Paul failed to win any states, to move the GOP debate in his direction, to accrue significant delegates or to leverage his fund-raising into a third-party run. And word is he’s staying quiet about endorsing an independent because he doesn’t want the Congressional GOP leadership to strip him of committee assignments come the fall. Paul accomplished the one thing he’s always been good at: using political appeals to get people to send money. I don’t feel freer.

Finally, if the economics of gas prices baffle you beyond the ability to reason, I suppose prayer is a reasonable response:

unlike the customers rolling up to the station’s pumps this week, resigned to the fact that their wallets were about to take a beating, Rocky Twyman and company had a plan to bring that number tumbling down.

They would ask God to do it.

“Our pockets are empty, but we’re going to hold on to God!” Twyman, a community organizer from Rockville, said as he and seven other people formed a semicircle, held hands and sang, pleading for divine intervention to lower fuel prices.

It was the latest demonstration by Twyman’s movement, Pray at the Pump, which began in April. Since then, he has held group prayers at gas stations as far away as San Francisco, garnering international media attention and even claiming success in at least a couple of cases.

I’d get more irate, but I don’t suppose praying to lower gas prices is any more ridiculous than praying for a cancer patient to get better, or praying for your football team to win, or praying for peace in the Middle East. So who am I to throw stones?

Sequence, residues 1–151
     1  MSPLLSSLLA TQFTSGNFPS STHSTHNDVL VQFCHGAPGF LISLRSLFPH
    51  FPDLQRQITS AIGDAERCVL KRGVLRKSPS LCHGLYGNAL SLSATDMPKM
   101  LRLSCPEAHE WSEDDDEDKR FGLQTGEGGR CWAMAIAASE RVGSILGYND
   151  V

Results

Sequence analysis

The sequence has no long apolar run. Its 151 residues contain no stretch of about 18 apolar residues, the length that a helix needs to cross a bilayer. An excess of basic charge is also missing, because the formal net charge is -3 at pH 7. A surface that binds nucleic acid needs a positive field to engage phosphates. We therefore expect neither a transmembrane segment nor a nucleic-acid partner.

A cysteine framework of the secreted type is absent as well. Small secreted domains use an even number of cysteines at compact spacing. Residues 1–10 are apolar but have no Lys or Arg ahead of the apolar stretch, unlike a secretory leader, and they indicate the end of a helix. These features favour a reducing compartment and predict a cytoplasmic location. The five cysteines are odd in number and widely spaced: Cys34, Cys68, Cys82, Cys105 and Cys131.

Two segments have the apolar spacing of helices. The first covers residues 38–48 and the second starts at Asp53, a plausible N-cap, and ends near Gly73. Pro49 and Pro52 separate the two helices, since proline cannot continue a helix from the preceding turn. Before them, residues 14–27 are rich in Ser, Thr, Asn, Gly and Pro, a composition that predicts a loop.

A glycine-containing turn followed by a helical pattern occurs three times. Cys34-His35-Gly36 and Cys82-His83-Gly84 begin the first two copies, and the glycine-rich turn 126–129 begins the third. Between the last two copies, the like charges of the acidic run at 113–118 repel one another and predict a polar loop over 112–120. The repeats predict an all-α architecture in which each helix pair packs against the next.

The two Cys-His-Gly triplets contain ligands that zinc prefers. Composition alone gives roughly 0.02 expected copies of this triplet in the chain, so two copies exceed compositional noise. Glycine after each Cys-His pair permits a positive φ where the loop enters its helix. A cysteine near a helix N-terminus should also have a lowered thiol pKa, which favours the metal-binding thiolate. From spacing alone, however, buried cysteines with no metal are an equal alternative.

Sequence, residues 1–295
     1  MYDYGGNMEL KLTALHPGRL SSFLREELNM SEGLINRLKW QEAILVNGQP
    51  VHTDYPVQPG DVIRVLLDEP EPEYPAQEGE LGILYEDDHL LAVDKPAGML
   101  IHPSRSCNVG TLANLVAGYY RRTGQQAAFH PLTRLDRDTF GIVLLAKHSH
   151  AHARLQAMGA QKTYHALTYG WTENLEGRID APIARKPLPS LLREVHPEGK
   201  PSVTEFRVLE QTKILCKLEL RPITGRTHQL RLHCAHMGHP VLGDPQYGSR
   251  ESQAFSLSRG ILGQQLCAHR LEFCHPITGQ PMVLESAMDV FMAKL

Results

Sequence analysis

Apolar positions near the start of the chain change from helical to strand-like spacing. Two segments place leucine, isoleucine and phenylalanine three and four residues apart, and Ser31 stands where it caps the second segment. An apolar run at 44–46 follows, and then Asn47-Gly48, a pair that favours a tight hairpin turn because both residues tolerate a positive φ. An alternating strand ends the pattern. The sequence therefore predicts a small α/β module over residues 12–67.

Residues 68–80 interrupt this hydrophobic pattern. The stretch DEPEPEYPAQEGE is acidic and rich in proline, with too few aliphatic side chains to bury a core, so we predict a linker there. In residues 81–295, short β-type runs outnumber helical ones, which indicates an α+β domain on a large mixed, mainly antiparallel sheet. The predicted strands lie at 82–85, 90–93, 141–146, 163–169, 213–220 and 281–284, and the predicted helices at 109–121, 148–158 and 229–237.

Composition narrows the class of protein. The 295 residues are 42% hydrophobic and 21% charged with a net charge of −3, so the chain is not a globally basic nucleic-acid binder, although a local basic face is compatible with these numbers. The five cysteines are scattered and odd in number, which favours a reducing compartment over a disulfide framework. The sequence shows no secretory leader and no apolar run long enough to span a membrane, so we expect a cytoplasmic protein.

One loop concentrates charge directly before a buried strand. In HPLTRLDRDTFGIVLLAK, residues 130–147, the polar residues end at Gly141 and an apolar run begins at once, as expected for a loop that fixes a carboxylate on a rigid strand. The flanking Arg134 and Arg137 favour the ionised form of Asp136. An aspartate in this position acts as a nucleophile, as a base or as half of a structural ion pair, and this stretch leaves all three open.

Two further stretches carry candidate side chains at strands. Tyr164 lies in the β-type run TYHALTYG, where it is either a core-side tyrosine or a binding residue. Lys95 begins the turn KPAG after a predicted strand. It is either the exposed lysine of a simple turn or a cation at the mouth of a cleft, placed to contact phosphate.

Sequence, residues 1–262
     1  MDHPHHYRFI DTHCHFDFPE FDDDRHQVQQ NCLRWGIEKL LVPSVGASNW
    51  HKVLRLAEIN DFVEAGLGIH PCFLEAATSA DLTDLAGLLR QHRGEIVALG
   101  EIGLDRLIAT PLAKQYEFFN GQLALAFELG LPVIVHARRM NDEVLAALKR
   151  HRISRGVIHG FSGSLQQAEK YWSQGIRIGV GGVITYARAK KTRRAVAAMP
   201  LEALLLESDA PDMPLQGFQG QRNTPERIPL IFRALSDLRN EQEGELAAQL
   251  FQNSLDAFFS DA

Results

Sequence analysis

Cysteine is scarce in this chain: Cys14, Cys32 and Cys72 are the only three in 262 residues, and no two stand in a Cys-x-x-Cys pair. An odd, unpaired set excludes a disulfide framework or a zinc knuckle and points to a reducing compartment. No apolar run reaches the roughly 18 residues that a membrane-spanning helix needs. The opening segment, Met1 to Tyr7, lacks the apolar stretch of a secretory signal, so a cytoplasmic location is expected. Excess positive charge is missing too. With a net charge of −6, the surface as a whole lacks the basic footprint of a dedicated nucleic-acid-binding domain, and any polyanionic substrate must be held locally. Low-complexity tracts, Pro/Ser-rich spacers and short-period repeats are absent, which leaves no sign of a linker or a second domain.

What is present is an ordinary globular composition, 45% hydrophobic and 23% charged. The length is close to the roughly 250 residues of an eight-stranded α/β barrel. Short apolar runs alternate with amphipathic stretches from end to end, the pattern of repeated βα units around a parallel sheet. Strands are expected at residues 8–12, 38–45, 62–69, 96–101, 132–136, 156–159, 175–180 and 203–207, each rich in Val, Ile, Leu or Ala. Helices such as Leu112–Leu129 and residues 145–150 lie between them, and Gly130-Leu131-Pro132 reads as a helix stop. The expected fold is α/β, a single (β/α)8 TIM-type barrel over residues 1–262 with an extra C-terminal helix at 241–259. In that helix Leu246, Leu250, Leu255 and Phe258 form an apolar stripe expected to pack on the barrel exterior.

Advertisements

16 Responses

  1. I fucking HATE having to come over here to comment. It’s a pain in the ass. I don’t like the format. And now I forgot what I wanted to say.

    Oh yeah.: LOL America.

  2. Mike – Sorry I’m making it hard for you. I’m trying as hard as I possibly can. Really.

  3. The last page of the Iggy rider made me laugh so much!! The whole thing is brilliant.

  4. I appreciate the effort. And to show just how much, I’ve created my own WordPress blog: http://ikilled007.wordpress.com/.

  5. What’s sad, and I’m sure you’ll remember this, is that the above program is nothing next to some of the shit they proposed in the ’80s. Of course, little if any of that shit ever got authorized.

    Marion Barry had the right idea; give everyone in the city who doesn’t already have a federal job a CITY job.

  6. I actually like the idea of a Robert Frost study for these teenagers in lieu of jail time. From the tone of the article the humiliation for these kids and their families is pretty great, and while they caused immense damage to the farmhouse, this wasn’t a violent crime.

    Essentially, they’re learning why what they did was so wrong; and why this closed-up farmhouse was not to be used for a party.

  7. Lynn – it’s an appropriate level of punishment, sure. I just don’t know that it will have the intended effect of “getting punk kids to like poetry.”

  8. What’s sad is that I’m getting an inordinate amount of my news information from your LJ/blog rather than other sources.

    I do have some religious beliefs myself that I don’t discuss, but the praying for lower gas prices just reminds me of that scene from Heathers where Heather Duke was sitting over the first Heather’s dead body and saying something like “So many times I prayed for the death of Heather Chandler. Now I know you were listening. Hallelujah. Praise Jesus.” Gotta love false causality…

  9. They don’t need to like it; they just need to respect it. Maybe somewhere down the line they’ll get into it.